Sun Quan renewed the attack into the west, and Cheng Pu was sent to attack Jiangxia. After the commandery was captured, Sun Quan appointed Cheng Pu as the new Grand Administrator. The expansion continued and Zhou Yu destroyed Huang Zu in Xiakou, however a new threat in the form of Cao Cao appeared in Northen Jing Province. After Lu Su’s inspection of Jing Province, Zhou Yu suggested to oppose Cao Cao’s army with their own elite navy. Cheng Pu was appointed as the Commander for the campaign, with three other detachments lead by Sun Quan, Lu Su and Zhou Yu (5).

Around november or december of the western year AD 208, Sun Quan sent his fleet up the Yangzi, and met with Cao Cao’s fleet at present day Huarong. Although Cheng Pu was in command of the operation, we can asume that Zhou Yu, the main director of the campaign, was giving the actual orders. The attack was success and Cao Cao’s fleet was forced to retreat. Zhou Yu and Cheng Pu followed up the attack and headed towards Jiangling, now under control of Cao Cao’s cousin Cao Ren.

While Zhou Yu, Gan Ning and Lü Meng were in charge of the attack on Jiangling, it is probable that Cheng Pu stayed south of the Yangzi and directed affairs from there (6). Zhou Yu drove out Cao Ren, took Jiangling, and was appointed as Grand Administrator of Nan Commandery. In AD 210, Zhou Yu died and Cheng Pu took over his position as Grand Administrator of Nan Commandery.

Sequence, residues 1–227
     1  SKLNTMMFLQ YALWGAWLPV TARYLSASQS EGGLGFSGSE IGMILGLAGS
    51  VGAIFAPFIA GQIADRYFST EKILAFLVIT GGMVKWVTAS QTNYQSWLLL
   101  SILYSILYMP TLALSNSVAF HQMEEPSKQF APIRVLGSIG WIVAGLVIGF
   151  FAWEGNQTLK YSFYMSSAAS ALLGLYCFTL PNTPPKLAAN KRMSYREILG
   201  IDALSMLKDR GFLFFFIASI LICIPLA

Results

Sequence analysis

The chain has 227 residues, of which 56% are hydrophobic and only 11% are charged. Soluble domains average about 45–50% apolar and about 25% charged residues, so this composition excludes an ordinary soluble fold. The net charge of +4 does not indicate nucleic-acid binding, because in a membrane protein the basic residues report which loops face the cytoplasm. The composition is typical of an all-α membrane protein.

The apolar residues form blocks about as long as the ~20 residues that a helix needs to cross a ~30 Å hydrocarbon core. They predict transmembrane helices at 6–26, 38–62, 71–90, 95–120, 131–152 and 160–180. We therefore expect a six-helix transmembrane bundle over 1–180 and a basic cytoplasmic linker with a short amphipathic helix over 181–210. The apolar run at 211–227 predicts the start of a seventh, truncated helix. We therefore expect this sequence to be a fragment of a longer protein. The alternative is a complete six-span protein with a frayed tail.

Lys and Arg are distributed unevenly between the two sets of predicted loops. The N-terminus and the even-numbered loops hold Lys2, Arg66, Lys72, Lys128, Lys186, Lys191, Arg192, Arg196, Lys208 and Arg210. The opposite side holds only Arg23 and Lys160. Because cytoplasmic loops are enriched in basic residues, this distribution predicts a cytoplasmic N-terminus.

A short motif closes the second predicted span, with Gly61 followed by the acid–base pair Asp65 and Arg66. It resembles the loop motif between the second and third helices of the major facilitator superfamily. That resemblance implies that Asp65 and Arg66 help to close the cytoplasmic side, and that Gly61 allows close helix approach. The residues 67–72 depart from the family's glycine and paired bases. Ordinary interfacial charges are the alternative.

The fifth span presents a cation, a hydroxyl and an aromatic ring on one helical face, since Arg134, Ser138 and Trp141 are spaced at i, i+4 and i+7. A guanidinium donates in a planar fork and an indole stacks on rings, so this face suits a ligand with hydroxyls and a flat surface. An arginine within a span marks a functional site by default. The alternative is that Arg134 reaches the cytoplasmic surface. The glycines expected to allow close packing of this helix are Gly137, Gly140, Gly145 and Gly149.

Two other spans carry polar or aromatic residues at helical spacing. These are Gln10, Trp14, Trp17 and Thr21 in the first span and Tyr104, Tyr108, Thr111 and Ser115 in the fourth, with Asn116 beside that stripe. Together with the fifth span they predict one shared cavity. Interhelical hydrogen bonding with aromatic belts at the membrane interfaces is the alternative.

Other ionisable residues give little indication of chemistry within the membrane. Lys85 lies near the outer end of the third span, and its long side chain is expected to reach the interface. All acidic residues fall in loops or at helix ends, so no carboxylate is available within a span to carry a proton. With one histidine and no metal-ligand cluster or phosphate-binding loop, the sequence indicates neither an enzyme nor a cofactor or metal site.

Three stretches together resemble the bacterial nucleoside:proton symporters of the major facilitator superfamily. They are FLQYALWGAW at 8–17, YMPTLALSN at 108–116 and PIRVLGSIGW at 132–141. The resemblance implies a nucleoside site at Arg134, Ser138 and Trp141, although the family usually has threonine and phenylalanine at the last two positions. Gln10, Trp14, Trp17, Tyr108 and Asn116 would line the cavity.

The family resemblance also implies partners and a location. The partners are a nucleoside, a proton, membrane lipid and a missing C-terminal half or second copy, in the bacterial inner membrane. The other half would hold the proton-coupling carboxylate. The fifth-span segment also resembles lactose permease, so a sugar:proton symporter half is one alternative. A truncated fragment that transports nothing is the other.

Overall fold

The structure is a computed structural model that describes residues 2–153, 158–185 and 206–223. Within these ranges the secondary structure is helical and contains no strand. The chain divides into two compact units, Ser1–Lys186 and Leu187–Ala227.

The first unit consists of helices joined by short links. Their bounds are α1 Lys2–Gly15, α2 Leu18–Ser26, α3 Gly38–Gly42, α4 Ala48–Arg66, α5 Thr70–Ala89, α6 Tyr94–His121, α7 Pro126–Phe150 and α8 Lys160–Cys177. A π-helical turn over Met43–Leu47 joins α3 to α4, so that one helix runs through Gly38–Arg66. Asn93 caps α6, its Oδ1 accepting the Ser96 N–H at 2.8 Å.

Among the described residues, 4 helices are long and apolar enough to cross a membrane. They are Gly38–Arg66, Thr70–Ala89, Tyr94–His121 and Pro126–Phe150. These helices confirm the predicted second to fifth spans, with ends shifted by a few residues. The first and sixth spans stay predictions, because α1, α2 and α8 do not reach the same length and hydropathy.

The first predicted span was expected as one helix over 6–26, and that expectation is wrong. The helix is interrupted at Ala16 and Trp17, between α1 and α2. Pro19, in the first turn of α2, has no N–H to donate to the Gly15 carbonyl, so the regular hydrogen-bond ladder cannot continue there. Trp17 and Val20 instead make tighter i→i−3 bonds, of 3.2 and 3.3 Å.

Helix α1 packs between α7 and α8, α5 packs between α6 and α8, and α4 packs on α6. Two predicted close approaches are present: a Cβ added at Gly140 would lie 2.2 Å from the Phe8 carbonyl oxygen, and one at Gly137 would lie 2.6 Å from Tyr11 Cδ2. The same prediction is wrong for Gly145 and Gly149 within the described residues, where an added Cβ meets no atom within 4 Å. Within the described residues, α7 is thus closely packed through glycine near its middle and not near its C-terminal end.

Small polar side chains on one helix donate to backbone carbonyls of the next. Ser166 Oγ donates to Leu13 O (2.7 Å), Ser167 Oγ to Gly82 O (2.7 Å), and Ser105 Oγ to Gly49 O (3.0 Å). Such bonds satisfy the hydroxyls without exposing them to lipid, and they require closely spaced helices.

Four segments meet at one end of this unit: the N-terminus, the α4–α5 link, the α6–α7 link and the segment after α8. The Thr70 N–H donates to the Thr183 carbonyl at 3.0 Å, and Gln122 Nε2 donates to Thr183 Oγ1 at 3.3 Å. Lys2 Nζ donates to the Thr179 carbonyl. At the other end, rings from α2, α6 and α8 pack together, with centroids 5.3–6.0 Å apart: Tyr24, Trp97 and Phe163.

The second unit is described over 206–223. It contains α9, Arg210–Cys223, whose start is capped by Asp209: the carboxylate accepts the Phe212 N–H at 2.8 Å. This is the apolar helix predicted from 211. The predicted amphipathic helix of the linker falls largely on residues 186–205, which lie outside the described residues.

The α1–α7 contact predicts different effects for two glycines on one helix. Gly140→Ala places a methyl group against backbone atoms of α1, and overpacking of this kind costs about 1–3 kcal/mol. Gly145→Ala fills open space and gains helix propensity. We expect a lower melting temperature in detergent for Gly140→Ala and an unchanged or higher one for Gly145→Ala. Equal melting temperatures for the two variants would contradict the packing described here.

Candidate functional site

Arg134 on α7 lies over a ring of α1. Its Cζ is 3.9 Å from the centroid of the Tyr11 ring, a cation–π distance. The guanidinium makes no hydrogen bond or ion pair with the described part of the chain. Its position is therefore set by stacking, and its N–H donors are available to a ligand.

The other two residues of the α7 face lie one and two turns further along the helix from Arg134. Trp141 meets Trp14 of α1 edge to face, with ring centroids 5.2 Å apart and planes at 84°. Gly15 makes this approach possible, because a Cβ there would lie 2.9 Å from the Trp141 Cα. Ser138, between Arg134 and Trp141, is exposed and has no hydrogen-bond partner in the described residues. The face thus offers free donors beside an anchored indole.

Around AD 211, Sun Quan allowed Liu Bei to borrow Nan Commandery on the advise of Lu Su, and Cheng Pu went back to his old commandery of Jiangxia. Cheng Pu fell ill after a campaign against bandits in his own region, and died in the year AD 213.

Cheng Pu was a respected and senior officer of Wu, who always received merit in his campaigns. He showed unswerving loyalty towards Sun Jian and his sons, and his death left a void of experience in the Wu ranks. Though originally from the north, Cheng Pu excelled at land combat and also had suffient experience with naval affairs. When Sun Quan ascended to the throne of Emperor, Cheng Pu’s son Cheng Zi was awarded the Marquisate of a village in Wu.

(1) The “Alliance” against Dong Zhuo was more of political show than an actual military alliance. The only forces that really fought against Dong Zhuo were the forces of Sun Jian, under Yuan Shu’s banner, and Wang Kuang, under Yuan Shao’s command. It is said that Wang Kuang had no substantial victories over Dong Zhuo, but that Sun Jian was able to drive back, and continuously defeat Dong Zhuo’s army. Therefore, I find it fitting that the credit for the defeat of Dong Zhuo at Luo Yang go to the forces of Sun Jian and Wang Kuang. Sanguo yanyi Chapters five and six, present a false and biased version of the alliance and their attack on Dong Zhuo. <return>

(2) Sanguo yanyi and Sanguozhi have different versions of the attack on Liu Biao. In SGZ, Sun Jian was ordered by Yuan Shu to attack Liu Biao, before he would threaten Yuan Shu’s position. In Sanguo yanyi, the campaign revolves around Sun Jian stealing the Imperial Jade Seal, and Liu Biao, as a scion of the Imperial family, wanted to stop him from returning to Chang Sha. This account leaves much to be desired as Sun Jian had already handed over the seal to Yuan Shu. Moreover, Sun Jian had no personal authority in Jing Province, since he had relinquished his position as Grand Administrator of Chang Sha (長沙太守) when he went to fight Dong Zhuo. In the fictional account of the campaign, Cheng Pu is said to have beaten Cai Mao, a senior general of Liu Biao, in a personal duel, and then proceeded to defeat Huang Zu’s army. <return>